Google has pulled 49 browser extensions from its Chrome Web Store that posed as legitimate cryptocurrency wallets but contained malicious code that sent users' private keys to a Russia-based hacker. ZDNet first reported on the incident and says the thefts of at least three people's cryptocurrency has been linked back to the extensions.
The malicious extensions not only affected Chrome, but also Microsoft's Edge browser, which is built on Chromium and supports the installation of extensions designed for Chrome.
The extensions in question imitated the name and design of legitimate wallet apps including MyEtherWallet and Ledger. They even functioned almost identically to the real apps, letting users log-in and access their private stashes of cryptocurrency. But as soon as a user typed their wallet credentials into one of these extensions, the information was sent to the hacker's own server or a Google Form.
The risk of crypto — Google thankfully responded by pulling the extensions as soon as it was alerted, but the situation highlights the risk involved in parking your money in cryptocurrencies like Bitcoin and Ether. Any money that victims have lost as a consequence is essentially gone forever because by design cryptocurrency transactions cannot be reversed.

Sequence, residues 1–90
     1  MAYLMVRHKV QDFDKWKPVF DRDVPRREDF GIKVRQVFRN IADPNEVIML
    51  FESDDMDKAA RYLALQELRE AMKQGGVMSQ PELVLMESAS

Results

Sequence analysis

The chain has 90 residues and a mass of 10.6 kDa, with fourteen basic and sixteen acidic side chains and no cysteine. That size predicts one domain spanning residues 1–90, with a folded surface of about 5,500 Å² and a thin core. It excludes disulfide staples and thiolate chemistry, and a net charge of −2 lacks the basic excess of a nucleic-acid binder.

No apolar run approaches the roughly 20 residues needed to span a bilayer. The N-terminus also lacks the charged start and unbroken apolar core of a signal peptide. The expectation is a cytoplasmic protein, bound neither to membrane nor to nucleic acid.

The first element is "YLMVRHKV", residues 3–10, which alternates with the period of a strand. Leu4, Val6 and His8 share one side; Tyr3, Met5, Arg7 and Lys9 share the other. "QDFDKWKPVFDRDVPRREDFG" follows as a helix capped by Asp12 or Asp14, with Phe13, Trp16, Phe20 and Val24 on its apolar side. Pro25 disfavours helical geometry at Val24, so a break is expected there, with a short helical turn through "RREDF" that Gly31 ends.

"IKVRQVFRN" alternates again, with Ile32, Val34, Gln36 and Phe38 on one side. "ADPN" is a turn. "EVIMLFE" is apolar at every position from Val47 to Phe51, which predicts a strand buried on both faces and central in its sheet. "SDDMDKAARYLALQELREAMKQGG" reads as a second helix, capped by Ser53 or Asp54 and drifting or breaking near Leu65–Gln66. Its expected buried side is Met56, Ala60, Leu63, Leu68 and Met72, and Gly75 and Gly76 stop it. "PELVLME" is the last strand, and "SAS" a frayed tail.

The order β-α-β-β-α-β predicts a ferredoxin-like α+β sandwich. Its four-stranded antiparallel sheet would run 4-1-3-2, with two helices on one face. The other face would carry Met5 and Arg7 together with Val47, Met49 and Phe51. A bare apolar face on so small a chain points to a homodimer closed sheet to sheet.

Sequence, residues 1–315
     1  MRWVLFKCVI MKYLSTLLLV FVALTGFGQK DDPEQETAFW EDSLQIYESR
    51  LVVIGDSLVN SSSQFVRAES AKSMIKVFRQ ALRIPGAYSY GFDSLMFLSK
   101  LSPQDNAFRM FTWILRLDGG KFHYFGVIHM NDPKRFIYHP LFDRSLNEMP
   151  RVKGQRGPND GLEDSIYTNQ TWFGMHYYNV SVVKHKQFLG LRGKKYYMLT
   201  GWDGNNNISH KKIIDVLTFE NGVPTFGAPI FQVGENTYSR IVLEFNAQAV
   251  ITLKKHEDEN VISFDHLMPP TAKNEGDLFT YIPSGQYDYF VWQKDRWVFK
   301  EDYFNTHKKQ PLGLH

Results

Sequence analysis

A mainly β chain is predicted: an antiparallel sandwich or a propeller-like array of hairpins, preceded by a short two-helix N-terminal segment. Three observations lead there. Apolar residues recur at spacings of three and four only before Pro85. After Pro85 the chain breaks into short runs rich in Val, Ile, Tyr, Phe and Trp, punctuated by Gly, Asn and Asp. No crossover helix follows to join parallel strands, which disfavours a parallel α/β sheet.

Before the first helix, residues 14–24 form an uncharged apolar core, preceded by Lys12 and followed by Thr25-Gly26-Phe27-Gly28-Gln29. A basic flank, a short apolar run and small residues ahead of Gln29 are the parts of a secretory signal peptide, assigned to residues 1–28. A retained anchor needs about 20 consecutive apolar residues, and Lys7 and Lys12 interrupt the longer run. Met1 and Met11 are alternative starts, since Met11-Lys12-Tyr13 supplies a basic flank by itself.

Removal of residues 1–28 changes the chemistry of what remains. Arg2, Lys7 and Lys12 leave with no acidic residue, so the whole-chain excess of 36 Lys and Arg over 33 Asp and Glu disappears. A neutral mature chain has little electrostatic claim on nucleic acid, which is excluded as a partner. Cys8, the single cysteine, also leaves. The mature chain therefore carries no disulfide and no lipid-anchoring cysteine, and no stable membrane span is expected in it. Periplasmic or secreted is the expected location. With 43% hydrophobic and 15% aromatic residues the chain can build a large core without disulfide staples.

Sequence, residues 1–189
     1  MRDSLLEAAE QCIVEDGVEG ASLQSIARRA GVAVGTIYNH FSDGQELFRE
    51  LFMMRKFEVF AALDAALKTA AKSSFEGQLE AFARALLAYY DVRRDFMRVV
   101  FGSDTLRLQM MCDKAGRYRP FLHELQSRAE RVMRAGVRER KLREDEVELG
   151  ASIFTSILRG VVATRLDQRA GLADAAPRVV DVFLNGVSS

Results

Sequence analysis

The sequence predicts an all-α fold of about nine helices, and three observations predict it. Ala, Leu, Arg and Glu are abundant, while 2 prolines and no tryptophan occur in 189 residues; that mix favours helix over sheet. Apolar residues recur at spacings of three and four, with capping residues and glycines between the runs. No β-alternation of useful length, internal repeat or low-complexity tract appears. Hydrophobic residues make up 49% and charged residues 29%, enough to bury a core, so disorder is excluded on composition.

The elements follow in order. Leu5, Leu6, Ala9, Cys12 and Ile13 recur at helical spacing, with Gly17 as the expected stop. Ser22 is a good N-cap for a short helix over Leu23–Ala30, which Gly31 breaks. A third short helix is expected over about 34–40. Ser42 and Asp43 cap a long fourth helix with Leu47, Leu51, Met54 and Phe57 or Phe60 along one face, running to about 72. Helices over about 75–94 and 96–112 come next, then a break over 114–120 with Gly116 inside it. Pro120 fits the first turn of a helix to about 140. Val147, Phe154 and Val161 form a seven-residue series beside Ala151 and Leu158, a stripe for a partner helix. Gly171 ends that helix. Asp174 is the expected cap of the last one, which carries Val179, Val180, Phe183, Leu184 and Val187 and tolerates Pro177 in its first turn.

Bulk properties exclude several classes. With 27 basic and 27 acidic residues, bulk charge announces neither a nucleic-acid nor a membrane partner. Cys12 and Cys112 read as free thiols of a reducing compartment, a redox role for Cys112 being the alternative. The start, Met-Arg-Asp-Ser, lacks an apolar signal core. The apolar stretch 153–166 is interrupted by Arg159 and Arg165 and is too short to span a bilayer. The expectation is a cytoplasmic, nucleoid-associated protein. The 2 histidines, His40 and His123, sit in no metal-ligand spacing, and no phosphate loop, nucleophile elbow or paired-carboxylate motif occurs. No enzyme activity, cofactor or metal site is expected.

Some believe this is a good feature because people cannot buy something from you only to issue a chargeback, but understandably it can also result in heartbreak if you get duped into using a fake wallet as has occurred here. In this way you can think of crypto like a wad of cash under your mattress. You lose it and it's gone. The incentive is so high for hackers because it's trivial to get away with a crypto theft. Digital currency wallets aren't insured and you can't just call your card company to report fraud.
It seems like Google could do more to police cryptocurrency wallet extensions considering the significant risk. Right now it's up to outside watchdogs like CryptoScamDB, where people can report Chrome wallet extensions they believe might be fraudulent. Researchers use that site to hunt down bad extensions and report them to Google.
Let this serve as a reminder to be careful whenever you type in your wallet credentials somewhere.